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GIST Support International - Stacey's Story
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Stacey's Story

My sister Sammy (left) and me.
I was pretty much a normal kid up until March of 2002. I started to feel tired all of the time and was fainting almost every time I stood up. I missed over a month of school which at this point for me was very rare. After more than 12 trips to the doctors’ surgery I was finally admitted to hospital, where they discovered that instead of my haemoglobin being at 12.0, it was at 3.4.  I ended up having a transfusion with over 9 bags of blood going in. As I was only 11 at this time I was terrified.

As my haemoglobin was so low, one consultant decided that he wanted to perform an endoscopy. This endoscopy showed that I had thirteen small tumours in my stomach and in the surrounding area of small intestine. When I was told this I was very frightened and didn’t know what it meant. Also I was eating at the time and for the first time ever I stopped after the consultant showed me the picture of what they saw. I was relieved when the consultant said that I could have the tumors removed.

Front:  My cousin Robyn, Me holding my cousin Alexandra.  Back:  My cousin Connor, my younger sister Sammy.
The operation was scheduled for the 28th of October 2002. The operation lasted five hours. When I came round I had morphine and many other forms of pain relief. I was relieved to find out that the operation was a success and although I was scheduled to stay in hospital for 12 days I amazed my doctors by coming out 6 days after I had my operation. The tumors were biopsied and 2 months after my surgery I was diagnosed as having GISTs. My family was so shocked we couldn’t find any words to say. The first thing that was said was they could be cancer but more tests would have to be done on the removed tumors to find out for sure.

As the case was so unique in Scotland, I had to visit many different kinds of doctors and specialists and get monthly check-ups. A year and a half after my operation I was told that some tumours had returned but surgery wasn’t an option. Instead in August of 2005 I started Glivec. It made me feel nauseous and gave me really bad pains in my stomach. I had to take a lot of time off of school and fell behind. However when I returned to school after a month off I caught up with my classes in four days.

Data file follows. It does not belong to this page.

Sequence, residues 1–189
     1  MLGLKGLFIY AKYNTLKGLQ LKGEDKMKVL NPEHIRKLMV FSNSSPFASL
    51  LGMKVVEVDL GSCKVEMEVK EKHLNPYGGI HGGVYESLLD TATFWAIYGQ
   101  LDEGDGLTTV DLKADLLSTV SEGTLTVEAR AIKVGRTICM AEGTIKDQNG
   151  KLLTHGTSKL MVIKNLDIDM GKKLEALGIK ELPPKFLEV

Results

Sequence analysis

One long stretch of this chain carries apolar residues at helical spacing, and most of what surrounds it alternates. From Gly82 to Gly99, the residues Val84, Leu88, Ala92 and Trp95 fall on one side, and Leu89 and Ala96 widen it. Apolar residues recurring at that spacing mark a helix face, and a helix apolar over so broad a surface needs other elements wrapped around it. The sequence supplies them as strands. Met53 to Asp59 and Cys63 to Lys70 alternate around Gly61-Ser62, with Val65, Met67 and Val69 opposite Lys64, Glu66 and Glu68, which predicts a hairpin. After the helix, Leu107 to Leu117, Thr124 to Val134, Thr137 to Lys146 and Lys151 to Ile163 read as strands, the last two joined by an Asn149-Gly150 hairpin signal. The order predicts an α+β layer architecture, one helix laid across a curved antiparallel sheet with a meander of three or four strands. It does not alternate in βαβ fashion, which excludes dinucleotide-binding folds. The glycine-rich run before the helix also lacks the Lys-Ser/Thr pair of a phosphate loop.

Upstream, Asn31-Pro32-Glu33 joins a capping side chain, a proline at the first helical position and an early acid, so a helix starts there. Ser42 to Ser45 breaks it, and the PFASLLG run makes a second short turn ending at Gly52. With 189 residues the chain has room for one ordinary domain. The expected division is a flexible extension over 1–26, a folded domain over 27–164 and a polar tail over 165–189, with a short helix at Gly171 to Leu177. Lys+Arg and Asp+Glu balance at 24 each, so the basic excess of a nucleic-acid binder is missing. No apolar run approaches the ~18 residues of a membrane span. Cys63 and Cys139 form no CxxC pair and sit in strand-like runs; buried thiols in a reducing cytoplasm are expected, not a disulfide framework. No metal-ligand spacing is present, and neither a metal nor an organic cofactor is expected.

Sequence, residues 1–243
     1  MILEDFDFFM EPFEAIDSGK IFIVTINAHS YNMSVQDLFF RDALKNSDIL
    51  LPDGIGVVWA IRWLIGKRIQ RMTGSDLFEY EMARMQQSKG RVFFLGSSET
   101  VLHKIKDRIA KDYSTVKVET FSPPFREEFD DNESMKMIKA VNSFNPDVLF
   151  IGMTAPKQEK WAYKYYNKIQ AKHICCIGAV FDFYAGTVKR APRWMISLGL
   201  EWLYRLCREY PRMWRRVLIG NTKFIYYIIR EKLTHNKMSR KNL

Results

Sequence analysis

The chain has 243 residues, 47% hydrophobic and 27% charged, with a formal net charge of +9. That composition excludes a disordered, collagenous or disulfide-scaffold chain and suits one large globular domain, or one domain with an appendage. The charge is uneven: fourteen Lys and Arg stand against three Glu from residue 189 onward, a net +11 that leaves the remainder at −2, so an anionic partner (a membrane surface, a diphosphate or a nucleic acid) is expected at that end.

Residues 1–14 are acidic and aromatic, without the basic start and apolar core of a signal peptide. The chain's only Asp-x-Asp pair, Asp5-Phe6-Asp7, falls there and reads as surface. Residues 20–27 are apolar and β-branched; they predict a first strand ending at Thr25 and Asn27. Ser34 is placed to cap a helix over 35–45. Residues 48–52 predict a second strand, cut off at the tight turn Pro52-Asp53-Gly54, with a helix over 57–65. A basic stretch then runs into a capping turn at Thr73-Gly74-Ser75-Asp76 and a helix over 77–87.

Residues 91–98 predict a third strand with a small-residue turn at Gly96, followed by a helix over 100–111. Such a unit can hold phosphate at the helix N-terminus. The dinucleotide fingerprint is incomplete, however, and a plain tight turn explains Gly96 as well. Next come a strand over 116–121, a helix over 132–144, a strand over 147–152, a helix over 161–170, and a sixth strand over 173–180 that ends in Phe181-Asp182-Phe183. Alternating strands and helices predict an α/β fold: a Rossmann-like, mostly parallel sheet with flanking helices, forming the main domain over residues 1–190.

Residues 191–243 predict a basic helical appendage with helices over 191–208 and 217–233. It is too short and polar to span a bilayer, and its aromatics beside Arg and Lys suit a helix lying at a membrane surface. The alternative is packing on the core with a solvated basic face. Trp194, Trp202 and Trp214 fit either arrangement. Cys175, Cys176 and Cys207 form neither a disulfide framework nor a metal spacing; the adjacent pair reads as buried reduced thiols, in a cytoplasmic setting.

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 Me with my Mum.
Eventually in the August of 2006 I stopped taking Glivec because the tumours never changed in size. This meant that the doctors had to find a solution of how to stop the tumors growing. However during the next few months the tumors started to grow and unfortunately in the October of the same year I had to start the Glivec again. This time the dose was increased to 800mg a day, and I didn’t tolerate it well at all. I was sick almost every time after taking it and it dramatically reduced my appetite. I used to be able to clear a dinner plate for 3 meals and now I could only eat 2 small plates a day- on a good day. After much discussion (and more scans and endoscopies) it was decided that I would again stop taking the Glivec in November 2006.
 
From November 2006 until February 2008 I hadn’t taken any medication. However as the Glivec was so strong it took around 4 months before it was completely out of my body. So when it was gone I didn’t have any pain or discomfort. I decided that I would forget anything had happened and hope that the tumors would let me get on with a normal life.

Me with my sister and cousins.